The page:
Topping Off Ceremony

24 August 2007
Cannon Design

When we began designing the new student residences here at WPI, we began with the idea that the new residence hall should support the academic, personal, and social lives of students living in the building. Additionally, we were asked to embrace WPIís declared commitment to sustainable design. Having recently completed the Bartlett Center, the first LEED project on campus, we were asked to seek LEED certification for the new residence hall as well.

During Schematic Design we engaged the campus community in a green design forum. This did several things. It expanded the communityís knowledge of sustainable design and the LEED rating system. It also generated some very interesting ideas that we were able to use in the design. Some specific ideas identified by students at the forum included:

But most of all, they wanted a building that was not just another campus building, but one that would look and feel special, unique to WPI.

A variety of strategies were explored in the early stages of design, in conjunction with the studentís requests, to assure LEED certification. We made sure that the building was situated in a way that would minimize disturbance to the site. We made a plan to ensure that storm water would be handled in an environmentally friendly way. We made sure the building was outfitted with what are called "low-flow" fixtures, to conserve water. We figured out ways we could maximize the flow of daylight to interior spaces, which would save electricity on lighting, while at the same time providing sunshades on certain windows to keep air conditioning costs down in the summer. We chose materials that have both recycled content, come from regional sources to support the local economy and are low in volatile organic compounds to make sure that the quality of the indoor air was kept high. The landscape was designed with plants that require little to no irrigation and an arts walk to provide a community space requiring some future development but a connection now between upper and lower campus and downtown. Even now, the entire construction team is engaged to assure the construction process itself will have as little environmental impact as possible by maximizing recycling and minimizing construction waste.

We have also integrated some special features into the building that supports both LEED Certification and the living/learning aspects of the building. A palletized, green roof situated on approx. 1/3 of the roof. Palletized to provide future opportunity to study plant materials best suited for green roofs. Storm water monitoring systems associated with the green roof to not only measure the amount of storm water runoff controlled by the green roof but the quality of water that flows from it. A reflective white roof on the remaining roofscape designed to minimize cooling requirements as well as heat island affect on the site. Highly energy efficient boilers combined with heat recovery systems will reduce energy costs and aluminum sunscreens will minimize heat gain through the large windows. These sustainable features combined add up to your new residence hall achieving enough performance to meet LEED Silver certification.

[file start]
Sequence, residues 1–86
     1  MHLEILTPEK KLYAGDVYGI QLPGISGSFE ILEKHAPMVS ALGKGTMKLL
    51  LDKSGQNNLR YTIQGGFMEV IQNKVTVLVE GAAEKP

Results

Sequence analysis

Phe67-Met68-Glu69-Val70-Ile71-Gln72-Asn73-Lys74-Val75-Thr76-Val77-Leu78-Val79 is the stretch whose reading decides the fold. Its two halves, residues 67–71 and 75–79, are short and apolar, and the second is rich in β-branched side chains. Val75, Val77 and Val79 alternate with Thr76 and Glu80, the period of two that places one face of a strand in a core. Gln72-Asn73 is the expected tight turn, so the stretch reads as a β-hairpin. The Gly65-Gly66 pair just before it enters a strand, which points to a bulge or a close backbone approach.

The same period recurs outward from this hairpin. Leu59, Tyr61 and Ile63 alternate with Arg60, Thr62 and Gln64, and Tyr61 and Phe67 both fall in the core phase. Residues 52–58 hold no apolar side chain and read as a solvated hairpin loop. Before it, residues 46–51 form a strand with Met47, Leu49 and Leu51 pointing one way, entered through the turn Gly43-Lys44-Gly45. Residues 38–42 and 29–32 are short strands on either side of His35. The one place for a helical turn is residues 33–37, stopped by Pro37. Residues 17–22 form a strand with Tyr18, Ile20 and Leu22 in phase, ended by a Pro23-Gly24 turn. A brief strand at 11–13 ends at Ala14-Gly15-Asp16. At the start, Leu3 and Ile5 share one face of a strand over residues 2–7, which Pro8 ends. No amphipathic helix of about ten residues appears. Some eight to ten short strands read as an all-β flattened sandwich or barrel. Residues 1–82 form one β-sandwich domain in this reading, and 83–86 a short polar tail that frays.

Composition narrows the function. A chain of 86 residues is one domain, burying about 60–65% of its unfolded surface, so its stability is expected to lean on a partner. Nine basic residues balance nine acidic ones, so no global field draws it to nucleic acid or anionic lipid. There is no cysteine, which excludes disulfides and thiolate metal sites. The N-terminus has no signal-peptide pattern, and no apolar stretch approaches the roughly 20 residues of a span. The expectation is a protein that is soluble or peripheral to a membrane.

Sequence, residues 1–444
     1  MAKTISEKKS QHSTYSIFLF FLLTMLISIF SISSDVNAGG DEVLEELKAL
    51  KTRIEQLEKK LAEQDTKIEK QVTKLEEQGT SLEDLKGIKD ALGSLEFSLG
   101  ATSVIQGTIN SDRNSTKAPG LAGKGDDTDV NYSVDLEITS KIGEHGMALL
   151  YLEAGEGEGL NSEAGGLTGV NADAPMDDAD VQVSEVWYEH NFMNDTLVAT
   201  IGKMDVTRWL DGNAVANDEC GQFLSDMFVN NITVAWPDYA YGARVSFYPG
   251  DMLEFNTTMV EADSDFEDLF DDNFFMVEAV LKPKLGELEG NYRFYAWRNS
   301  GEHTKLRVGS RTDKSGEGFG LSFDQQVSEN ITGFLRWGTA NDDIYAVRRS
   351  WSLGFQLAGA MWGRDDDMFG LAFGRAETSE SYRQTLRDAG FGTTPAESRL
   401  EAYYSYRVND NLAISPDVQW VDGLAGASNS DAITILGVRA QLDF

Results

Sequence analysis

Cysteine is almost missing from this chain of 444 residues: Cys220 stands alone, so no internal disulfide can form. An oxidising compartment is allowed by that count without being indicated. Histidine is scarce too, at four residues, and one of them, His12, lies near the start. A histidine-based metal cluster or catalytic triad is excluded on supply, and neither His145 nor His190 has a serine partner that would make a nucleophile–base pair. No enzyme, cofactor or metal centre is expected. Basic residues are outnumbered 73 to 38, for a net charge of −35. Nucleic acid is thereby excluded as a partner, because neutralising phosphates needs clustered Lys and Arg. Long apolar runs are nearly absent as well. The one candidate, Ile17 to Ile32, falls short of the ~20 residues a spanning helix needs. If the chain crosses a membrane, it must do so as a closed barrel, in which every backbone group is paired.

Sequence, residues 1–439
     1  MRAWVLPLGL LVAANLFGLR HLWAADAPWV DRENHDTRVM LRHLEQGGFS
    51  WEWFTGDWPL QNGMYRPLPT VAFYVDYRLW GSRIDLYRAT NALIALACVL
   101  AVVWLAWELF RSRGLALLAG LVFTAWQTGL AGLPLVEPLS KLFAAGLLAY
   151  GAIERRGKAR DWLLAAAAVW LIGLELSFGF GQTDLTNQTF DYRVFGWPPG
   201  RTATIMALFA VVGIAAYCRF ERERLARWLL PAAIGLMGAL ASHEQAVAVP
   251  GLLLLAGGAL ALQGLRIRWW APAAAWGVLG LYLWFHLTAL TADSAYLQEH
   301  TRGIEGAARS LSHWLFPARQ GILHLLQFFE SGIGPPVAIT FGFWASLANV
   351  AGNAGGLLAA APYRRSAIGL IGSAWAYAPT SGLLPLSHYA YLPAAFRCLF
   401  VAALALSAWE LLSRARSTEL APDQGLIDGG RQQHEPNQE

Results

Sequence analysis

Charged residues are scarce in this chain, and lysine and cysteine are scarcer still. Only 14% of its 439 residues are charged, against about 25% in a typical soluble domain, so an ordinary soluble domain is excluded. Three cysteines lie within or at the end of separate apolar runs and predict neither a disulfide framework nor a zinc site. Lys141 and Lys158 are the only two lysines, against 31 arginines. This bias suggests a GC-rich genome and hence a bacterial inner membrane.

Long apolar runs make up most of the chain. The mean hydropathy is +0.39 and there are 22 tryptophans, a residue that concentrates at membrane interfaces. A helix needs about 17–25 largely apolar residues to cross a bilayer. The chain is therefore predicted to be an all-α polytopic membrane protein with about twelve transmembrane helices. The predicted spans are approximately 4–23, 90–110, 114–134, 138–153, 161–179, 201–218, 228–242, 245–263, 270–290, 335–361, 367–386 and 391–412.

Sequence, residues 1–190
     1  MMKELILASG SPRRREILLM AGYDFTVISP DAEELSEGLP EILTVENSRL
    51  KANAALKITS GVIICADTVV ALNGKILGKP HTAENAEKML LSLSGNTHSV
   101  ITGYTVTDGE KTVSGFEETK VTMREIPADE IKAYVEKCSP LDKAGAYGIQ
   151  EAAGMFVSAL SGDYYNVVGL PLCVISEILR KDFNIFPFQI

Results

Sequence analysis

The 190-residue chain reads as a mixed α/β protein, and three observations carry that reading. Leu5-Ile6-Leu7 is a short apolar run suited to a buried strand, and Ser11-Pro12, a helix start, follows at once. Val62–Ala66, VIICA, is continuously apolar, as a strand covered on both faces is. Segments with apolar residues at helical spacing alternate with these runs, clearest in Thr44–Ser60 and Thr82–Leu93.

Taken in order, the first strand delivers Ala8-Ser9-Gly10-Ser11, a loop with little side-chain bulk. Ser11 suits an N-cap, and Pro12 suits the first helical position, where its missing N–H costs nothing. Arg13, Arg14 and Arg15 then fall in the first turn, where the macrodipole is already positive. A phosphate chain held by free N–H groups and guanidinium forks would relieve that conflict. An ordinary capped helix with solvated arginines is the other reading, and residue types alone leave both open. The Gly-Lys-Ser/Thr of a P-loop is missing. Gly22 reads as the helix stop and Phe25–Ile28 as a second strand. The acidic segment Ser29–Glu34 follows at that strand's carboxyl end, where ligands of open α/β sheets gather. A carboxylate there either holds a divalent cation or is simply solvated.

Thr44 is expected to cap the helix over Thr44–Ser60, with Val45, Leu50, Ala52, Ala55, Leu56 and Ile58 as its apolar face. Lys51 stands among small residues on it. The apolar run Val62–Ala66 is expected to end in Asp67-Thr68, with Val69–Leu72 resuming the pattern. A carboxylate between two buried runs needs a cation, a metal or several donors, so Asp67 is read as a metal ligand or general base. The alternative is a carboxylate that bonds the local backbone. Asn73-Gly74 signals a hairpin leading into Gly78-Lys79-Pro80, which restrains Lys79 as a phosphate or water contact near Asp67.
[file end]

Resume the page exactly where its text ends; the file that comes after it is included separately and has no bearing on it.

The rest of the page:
In conclusion, I would just like to say that you should all be proud of this building, because your campus community helped make it what it is. I also want to say that working on this project has been extremely fulfilling for all of us on the design team. Itís been a pleasure to work with the variety of constituents in the community to create a living and learning environment that will really be tailored to the needs and wants of the people who will live here. On behalf of Cannon Design, I thank WPI for this experience, and we very much look forward to hearing about studentsí experiences of living in this building that we all created together.

Thank you.